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BusinessColumnistsJamie Herzlich

Tips to help entrepreneurs to warm up to cold calling

If you're like many entrepreneurs, you absolutely dread the thought of cold calling.

That's because many of them end in resistance or rejection.

If you want to warm up your cold calls, then you need to take a more targeted approach to your overall cold calling campaign and avoid some of the more common mistakes, including not knowing enough about your prospects, say experts.

"You should never ever place a 'cold call' . . . calling someone that you know absolutely nothing about," says Art Sobczak, author of "Smart Calling: Eliminate the Fear, Failure and Rejection from Cold Calling" (Wiley, $21.95) and president of in Omaha. "Buyers today are too sophisticated and they expect you to have done your homework."

The more intelligence you can gain on your prospect, the better able you'll be to make some connection or find some common ground, he says.

One of the worst mistakes is asking a prospect what their company does, he notes.

Other fatal errors:

Taking rejection personally: No one likes hearing "no," but that just comes with the territory. Instead of feeling rejected, look to accomplish some secondary objective (i.e., keeping the door open for a future contact), suggests Sobczak.

Not ritualizing your calling: You'll only get better at cold calling if you keep doing it consistently, says Sobczak, who offers more tips at

.pdf. Dedicate time to making cold calls.

Making the call all about you: Cold calling is successful when it's all about the prospect and fails when it's all about you, says Sam Richter, author of "Take the Cold Out of Cold Calling" (Adams Business & Professional, $34.95) and chief marketing officer at ActiFi, a Plymouth, Minn., software solutions company. Don't start the call rambling about you and your company, Richter says. Rather, understand their needs and bring something of value to the table, he adds.

Not asking good questions: Cold callers often make assumptions and state things as facts during their pitch, Richter says. It's better to ask questions that you're pretty sure will solicit a "yes" answer, he suggests. For instance, if calling a banker, you might say: "I recently saw a study that said that banks that really understand their customers can potentially increase profits by 20 percent. Would your bank be interested in learning how to increase profits by 20 percent?"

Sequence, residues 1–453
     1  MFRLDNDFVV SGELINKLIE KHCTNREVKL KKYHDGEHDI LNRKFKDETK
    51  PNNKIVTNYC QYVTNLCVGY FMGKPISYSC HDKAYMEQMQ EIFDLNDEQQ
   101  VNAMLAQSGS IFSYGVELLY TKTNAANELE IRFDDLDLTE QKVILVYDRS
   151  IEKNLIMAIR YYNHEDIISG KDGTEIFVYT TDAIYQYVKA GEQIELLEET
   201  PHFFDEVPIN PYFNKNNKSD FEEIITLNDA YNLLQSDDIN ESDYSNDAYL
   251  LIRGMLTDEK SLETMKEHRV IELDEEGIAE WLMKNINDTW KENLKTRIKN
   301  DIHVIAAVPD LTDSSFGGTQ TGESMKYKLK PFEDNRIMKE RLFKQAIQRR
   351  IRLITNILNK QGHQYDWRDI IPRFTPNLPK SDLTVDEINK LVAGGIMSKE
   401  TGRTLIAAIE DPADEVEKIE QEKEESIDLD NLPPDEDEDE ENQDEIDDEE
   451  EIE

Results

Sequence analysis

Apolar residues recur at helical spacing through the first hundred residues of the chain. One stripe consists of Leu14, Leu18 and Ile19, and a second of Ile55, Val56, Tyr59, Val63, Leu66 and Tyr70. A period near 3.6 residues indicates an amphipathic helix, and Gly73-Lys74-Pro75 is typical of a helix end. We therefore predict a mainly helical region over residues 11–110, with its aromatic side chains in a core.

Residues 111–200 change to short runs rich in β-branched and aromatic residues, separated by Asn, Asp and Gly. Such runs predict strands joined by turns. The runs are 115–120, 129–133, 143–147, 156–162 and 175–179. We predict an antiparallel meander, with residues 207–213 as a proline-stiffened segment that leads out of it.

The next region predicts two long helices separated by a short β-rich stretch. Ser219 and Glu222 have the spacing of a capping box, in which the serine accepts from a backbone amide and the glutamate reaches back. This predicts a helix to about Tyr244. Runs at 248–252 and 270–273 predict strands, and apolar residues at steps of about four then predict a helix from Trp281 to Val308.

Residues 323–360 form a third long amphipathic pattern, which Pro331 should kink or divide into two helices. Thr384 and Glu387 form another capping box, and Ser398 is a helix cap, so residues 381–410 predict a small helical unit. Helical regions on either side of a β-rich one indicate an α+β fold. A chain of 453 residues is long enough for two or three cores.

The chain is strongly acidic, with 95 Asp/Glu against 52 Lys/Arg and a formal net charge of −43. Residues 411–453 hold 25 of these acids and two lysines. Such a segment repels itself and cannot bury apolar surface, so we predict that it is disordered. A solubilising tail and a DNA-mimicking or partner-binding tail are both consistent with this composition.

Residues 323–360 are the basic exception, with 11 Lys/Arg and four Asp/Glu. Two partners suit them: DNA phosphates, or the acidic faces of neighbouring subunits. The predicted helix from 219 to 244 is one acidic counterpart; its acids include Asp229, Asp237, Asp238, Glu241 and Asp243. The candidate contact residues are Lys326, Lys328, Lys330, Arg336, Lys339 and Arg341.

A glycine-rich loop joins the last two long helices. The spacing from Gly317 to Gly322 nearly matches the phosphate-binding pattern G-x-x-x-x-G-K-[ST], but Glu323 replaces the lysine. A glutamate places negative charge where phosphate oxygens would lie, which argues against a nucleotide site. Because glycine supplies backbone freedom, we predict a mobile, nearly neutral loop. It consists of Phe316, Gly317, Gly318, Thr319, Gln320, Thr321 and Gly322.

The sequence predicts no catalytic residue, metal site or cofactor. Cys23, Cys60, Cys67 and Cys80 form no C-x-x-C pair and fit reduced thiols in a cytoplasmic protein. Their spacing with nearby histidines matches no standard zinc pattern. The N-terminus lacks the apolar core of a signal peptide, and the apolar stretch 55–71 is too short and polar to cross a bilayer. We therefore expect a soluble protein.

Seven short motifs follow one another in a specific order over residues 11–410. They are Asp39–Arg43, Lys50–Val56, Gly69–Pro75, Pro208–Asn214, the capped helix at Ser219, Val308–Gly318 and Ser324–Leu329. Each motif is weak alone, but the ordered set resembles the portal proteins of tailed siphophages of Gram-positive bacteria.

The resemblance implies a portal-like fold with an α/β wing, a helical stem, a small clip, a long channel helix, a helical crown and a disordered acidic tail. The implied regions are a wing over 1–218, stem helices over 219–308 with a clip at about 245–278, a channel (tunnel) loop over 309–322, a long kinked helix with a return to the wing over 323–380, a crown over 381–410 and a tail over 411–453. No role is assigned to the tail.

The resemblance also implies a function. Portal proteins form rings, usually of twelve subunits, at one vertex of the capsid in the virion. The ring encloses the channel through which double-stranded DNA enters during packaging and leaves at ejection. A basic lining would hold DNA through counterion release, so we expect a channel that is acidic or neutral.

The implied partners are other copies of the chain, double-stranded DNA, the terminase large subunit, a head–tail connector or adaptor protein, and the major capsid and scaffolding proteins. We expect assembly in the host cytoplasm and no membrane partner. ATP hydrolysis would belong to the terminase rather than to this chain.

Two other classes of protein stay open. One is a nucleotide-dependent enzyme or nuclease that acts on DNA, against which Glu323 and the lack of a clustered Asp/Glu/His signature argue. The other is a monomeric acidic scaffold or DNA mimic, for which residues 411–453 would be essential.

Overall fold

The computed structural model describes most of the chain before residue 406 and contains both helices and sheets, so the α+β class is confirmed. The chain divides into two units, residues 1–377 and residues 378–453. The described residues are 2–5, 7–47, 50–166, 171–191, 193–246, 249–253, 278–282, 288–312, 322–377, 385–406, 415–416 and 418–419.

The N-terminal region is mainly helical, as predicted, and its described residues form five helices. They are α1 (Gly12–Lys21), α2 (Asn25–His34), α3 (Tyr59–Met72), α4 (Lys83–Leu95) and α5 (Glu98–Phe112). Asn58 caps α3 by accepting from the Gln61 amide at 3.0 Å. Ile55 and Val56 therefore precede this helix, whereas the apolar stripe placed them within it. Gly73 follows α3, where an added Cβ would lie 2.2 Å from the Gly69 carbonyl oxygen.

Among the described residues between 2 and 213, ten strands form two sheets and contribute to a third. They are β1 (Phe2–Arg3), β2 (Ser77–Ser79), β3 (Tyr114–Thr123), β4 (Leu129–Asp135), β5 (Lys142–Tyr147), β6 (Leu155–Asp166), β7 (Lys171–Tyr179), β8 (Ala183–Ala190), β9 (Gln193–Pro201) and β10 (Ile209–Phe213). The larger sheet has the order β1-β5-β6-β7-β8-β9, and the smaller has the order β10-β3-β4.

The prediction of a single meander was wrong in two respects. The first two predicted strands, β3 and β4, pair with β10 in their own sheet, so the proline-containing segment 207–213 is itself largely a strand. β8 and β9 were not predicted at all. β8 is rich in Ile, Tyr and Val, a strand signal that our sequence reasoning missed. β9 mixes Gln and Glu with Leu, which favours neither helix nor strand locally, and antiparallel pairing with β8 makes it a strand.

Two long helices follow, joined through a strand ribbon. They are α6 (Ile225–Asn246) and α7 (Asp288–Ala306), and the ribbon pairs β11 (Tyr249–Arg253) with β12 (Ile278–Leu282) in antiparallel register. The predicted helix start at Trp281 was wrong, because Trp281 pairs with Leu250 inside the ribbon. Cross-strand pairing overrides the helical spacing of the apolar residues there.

Making small talk: No one has time for small talk, says sales coach Keith Rosen, author of "Coaching Salespeople Into Sales Champions" (Wiley, $29.95) and chief executive of in Merrick. Skip the idle chatter and instead give them a reason to listen to you (i.e., we just worked with three other companies in your area to help them increase sales by 40 percent), he says.

Leaving the wrong voice-mail message: Don't waste words. Leave a voice-mail message that will prompt a call back (i.e., I was just speaking to another company in your area that we were able to save $20,000 in monthly expenses and wanted to see if we can do the same for you), says Rosen, who offers more tips at article_coldcalling.htm.

Sounding too much like a salesperson: The more "salesy" you sound, the less interested your prospect will be, says Rob Fishman, a partner at Sandler Training in Hauppauge, a sales training/consulting firm. Don't hit them with a hard sell; instead, ask good questions to find out if there's a good reason for you to work together, he says.

Lacking confidence: Don't be apologetic about cold calling. "A person that's successful in cold calling is someone who has complete confidence they can help the companies they are contacting," Fishman says.

When cold calling, it helps to know more about your prospect. Consider these search sites:

Source: Sam Richter

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